The iconic Nairobi All Saints Cathedral is currently in the process of fixing the church organ at a whopping cost of Sh50 million.

The Nairobi cathedral has been using the same organ for almost a century now and the proposed renovation is a welcome move.

The musical instrument was made in Egypt and although it has some electrical components, its sound system is entirely acoustic, created by air traveling through the pipes.

Hannah Emmrich, the cathedral’s music director said the organ dates back to 1934. In 1978, the Charles Njonjo family installed a new organ to upgrade the instrument, as part of their wedding offertory.

Emmrich revealed that, “It has not had a major overhaul in over 40 years, and this is now becoming urgent. Much of the mechanism is failing, meaning we can only use some of the pipes. At present, we hear probably only 60 to 70 per cent of the possible sound of the organ.”

“The electronic components are now obsolete, difficult to replace or repair, and failing at an alarming rate. The organ is becoming more and more unpredictable, yet it is the largest in East and Central Africa,” she added.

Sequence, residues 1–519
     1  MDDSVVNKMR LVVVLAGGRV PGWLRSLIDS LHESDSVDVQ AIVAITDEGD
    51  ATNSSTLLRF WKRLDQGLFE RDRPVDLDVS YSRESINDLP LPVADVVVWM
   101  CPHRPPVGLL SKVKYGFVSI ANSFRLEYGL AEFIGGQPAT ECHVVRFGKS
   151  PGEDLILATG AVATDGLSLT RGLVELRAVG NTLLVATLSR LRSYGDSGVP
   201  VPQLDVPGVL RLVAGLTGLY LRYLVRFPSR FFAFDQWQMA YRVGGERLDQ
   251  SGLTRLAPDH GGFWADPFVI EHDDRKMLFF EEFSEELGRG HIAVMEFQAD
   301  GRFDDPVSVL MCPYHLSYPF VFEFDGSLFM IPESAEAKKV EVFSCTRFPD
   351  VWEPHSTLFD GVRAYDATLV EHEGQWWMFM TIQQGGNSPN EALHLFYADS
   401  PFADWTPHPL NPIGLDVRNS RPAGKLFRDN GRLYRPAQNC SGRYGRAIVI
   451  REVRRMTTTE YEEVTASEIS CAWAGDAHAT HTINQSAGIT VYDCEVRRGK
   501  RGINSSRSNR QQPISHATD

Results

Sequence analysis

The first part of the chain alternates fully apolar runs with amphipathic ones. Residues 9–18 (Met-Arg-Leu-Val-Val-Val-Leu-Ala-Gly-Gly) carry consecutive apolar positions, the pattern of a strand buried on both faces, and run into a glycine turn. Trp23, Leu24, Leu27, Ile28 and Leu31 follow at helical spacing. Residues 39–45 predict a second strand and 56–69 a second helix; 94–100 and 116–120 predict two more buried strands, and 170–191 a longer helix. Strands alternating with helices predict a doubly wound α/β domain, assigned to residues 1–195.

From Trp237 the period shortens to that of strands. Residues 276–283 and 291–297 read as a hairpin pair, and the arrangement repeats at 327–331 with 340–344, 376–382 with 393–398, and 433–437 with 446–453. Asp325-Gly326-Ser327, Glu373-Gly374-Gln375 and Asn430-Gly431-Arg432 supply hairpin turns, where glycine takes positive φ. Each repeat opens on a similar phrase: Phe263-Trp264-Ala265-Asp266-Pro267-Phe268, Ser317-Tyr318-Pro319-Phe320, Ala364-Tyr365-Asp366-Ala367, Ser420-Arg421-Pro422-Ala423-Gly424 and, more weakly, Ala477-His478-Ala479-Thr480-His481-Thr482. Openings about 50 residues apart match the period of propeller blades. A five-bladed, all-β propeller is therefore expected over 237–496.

The overhaul is likely to take around nine months and cannot be done locally. The church is working together with international companies, some of which will provide and ship spare parts from the UK for repair of the organ, while some parts of the instrument will be shipped outside the country.

The restoration process will include removing, cleaning and repairing all the pipes, replacing all leather components and replacing its electronics with a much simpler and more modern system. The keyboards and console will also be renovated, in addition to fixing the blower.

The organ is made of around 2,000 pipes, but with recent developments in organ manufacture, the machination has become a lot more complicated. Some pipes produce soft sound, much like a flute, while others are louder and more piercing, like a trumpet.

A local organ specialist said it would be a difficult task to purchase brand new equipment  because it will take time to fix and might take years to raise millions to acquire one. The current planned restoration will give the organ an extra 40-year lease of life.

He said that, “Some parts will be taken out and shipped to the UK for repair, so there will be scaffolding in the main sanctuary for a while. Also, we will not have an organ during services in this restoration period.”

To raise funds for the planned restoration, the cathedral has been running special concerts and organ tours at a cost of Sh2,000 per head or Sh5,000 per pipe. Worshipers with deep pockets can opt to fork out a one-off contribution of Sh300,000 to replace 60 pipes of the same kind.

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